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Mob-linked site manager ruled no-show, non-contracted jobs at 77 Hudson, feds say

Photo Credit: Cliffview Pilot

YOU READ IT HERE FIRST : Jersey City’s twin-tower project at 77 Hudson Street provided no-show and non-contracted jobs that cost a concrete company nearly $2.25 million in salary and benefits, the government said today, announcing charges against six people accused of participating in the scheme — including a 74-year-old retired mason who allegedly collected paychecks by occasionally reporting to work.

A familiar pair of landmarks

The accused ringleader, 43-year-old Anselmo “Sammy” Genovese, made it all happen, federal prosecutors said.

Genovese — a project manager at 77 Hudson with reputed ties to the Gambino crime family — paid a union boss on the now-familiar double-high-rise project to look the other way while members of a Jersey City-based local were replaced by others from New York, federal authorities said.

The business manager who collected the bribes has agreed to testify for the government, court records indicate.

The unnamed co-conspirator — identified as “L.M.” in court papers — worked for Local 325 of the Laborers’ International Union of North America, based in Jersey City, federal agents said in a complaint unsealed today.

Broadway Concrete began subcontracting work on the site in early 2007, the government said. Under a collective bargaining agreement with the contractor, it was supposed to hire the Jersey City-based union workers and make benefit contributions to the New Jersey Building Laborers’ Statewide Benefit Fund.

Instead, federal authorities allege, Genovese gave “L.M.” $8,000 in two separate cash payments workers from New York could take off-the-books jobs on the site.

Broadway Concrete ended up sending the fringe benefit funds to a New York-based union fund instead of to its counterpart in New Jersey, according to the federal complaint.

All told, the pair bled Broadway Concrete of $1.7 million in salaries and benefits, the federal complaint says.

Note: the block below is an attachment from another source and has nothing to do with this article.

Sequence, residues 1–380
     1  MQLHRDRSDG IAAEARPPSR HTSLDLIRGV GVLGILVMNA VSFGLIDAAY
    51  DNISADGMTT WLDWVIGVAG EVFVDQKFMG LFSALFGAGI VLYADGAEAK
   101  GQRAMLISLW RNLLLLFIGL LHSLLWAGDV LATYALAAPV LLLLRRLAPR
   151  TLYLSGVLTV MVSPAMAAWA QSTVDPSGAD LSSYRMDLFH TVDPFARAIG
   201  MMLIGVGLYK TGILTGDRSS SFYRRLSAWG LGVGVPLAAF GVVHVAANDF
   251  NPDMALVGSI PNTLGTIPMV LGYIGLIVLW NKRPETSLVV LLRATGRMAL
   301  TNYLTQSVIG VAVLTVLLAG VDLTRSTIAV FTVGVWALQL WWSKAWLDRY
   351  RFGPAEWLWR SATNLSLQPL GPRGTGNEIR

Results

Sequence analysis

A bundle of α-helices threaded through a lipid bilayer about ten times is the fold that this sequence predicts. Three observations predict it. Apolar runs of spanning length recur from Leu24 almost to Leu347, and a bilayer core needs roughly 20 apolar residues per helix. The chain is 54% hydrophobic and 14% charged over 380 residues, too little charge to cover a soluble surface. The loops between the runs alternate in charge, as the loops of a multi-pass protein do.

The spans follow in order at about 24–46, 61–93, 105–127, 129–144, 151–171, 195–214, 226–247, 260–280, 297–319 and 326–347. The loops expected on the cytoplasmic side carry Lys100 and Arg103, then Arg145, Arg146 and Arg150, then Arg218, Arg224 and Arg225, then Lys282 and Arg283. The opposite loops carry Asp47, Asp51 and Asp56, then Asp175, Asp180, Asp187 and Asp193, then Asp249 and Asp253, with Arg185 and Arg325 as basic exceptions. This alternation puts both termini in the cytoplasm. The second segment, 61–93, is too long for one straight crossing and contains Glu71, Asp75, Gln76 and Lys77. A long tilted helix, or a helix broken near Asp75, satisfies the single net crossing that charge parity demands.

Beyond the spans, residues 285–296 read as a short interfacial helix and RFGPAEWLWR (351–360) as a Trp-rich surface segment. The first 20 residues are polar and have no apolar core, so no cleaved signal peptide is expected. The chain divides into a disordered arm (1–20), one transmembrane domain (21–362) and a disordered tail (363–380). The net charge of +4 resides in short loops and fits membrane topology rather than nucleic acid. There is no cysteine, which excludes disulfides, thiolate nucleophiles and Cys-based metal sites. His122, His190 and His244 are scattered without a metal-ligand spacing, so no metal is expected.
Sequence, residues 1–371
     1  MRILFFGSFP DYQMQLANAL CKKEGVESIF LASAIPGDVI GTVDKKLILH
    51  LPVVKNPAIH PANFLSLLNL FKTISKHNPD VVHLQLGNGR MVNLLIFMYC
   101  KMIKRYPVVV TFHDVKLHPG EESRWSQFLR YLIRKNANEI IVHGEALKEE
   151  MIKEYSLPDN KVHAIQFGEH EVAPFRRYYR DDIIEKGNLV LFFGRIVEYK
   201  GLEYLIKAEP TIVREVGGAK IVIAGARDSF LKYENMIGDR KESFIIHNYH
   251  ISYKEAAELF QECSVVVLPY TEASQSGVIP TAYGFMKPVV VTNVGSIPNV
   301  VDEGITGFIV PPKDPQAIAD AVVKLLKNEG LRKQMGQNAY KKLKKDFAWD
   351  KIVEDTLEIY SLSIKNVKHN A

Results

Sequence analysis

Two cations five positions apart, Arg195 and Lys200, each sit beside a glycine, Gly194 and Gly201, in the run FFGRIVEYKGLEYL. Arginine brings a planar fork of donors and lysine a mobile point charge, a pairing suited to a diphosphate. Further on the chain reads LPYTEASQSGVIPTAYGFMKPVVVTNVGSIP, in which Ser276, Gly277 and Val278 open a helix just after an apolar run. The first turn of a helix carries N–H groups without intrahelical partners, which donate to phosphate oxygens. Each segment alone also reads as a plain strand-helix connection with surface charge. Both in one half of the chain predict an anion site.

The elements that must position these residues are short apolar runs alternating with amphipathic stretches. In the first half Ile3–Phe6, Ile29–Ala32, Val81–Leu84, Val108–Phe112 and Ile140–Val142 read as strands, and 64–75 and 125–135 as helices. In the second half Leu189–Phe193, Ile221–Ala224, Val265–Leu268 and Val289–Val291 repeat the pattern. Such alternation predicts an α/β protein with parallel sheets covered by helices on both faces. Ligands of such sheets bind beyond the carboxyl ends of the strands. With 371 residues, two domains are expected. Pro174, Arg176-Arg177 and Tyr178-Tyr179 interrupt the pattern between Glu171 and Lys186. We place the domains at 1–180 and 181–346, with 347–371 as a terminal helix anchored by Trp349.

Two of those charged, in particular, allegedly made out extremely well.

From late September 2006 through June 2008, 42-year-old Janeen Zinna of Hackettstown collected $221,197 in paychecks from Broadway Concrete, which also paid more than $182,954 in benefit contributions to Local 780 of the Operative Plasterer’s and Cement Masons Interntaional Association, for work she never did at 77 Hudson, the government alleges.

What’s more, from September 2007 through July 2008, 63-year-old Rocco Mazzaferro of Brooklyn was paid nearly $66,000 by Broadway Concrete for work there — when, in fact, he never showed up, it says.

Genovese and his superintendent, Pasquale Zinna (Janeen’s husband), pulled this off by having Eric Haynberg, 45, of New York and other timekeepers report on timesheets faxed from New Jersey to Broadway Concrete’s New York office that Zinna and Mazzaferro did masonry work on the Jersey City project and others, U.S. authorities said.

That, they said, is wire fraud — among other offenses.

At the same time, Paquale Zinna, 43, collected $101,000 in Social Security disability checks, even though he’d been working as late as September 2005, the complaint filed in U.S. District Court in Newark says. He simply had his Broadway Concrete paychecks issued in the names of other people, it says.

All of the ill-gotten gains were deposited into bank accounts at a Budd Lake bank, said federal authorities, who produced records that the Zinnas withdrew $408,000 of that money in 89 separate transactions, allegedly in order to avoid federal reporting requirements for amounts of $10,000 or more.

Mazzaferro’s reported work qualified him for $20,000 in medical and vacation benefits, in addition to his no-show salary, the complaint says.

Some of Mazzaferro’s work was done, instead, by 74-year-old Vincenzo “Uncle Vinnie” Genovese, a retired union member who was receiving pension benefits, the FBI said. He collected Mazzaferro’s paycheck at the site from the mason shop steward, as well, it says.

Zinna’s participation siphoned an additional $77,600 on top of her pay — including vacation checks for nearly $15,000 and roughly $6,000 issued by the local, the complaint says.

Pasquale Zinna, Eric Haynberg, Rocco Mazzaferro, and Vincenzo Genovese were arrested early this morning at their homes in what authorities said was a coordinated law enforcement effort. Janeen Zinna surrendered to law enforcement later this morning. The five defendants taken into custody today had initial appearances this afternoon before U.S. Magistrate Judge Michael A. Shipp in Newark federal court and were released on bail.

Anselmo Genovese, Vincenzo Genovese’s nephew, is expected to surrender to federal authorities tomorrow for an initial appearance before Judge Shipp in the afternoon.

The government has officially put the Zinnas on notice that it will look to seize $422,000 in assets, including property, from them if they’re convicted.

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